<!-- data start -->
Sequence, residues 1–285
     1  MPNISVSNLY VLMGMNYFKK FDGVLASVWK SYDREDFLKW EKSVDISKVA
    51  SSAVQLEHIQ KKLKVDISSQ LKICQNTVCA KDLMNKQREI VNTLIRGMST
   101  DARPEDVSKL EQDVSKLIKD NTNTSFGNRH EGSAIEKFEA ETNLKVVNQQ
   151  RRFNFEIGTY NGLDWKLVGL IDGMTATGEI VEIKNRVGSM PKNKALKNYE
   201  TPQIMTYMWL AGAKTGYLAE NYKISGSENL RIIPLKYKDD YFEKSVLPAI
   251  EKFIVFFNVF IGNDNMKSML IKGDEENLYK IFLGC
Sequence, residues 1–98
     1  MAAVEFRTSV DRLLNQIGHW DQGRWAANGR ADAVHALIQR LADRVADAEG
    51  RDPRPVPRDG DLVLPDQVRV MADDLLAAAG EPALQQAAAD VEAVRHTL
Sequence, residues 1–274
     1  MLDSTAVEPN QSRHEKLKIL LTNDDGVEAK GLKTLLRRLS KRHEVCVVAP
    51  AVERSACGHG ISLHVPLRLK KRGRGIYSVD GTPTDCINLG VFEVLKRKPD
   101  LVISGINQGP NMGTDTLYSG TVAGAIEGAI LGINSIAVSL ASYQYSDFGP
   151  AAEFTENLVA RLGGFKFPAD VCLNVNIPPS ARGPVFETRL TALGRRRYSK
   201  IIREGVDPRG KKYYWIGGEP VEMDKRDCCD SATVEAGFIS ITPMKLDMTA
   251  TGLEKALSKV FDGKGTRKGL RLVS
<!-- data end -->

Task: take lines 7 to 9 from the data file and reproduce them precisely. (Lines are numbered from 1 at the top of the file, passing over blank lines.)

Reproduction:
   251  EKFIVFFNVF IGNDNMKSML IKGDEENLYK IFLGC
Sequence, residues 1–98
     1  MAAVEFRTSV DRLLNQIGHW DQGRWAANGR ADAVHALIQR LADRVADAEG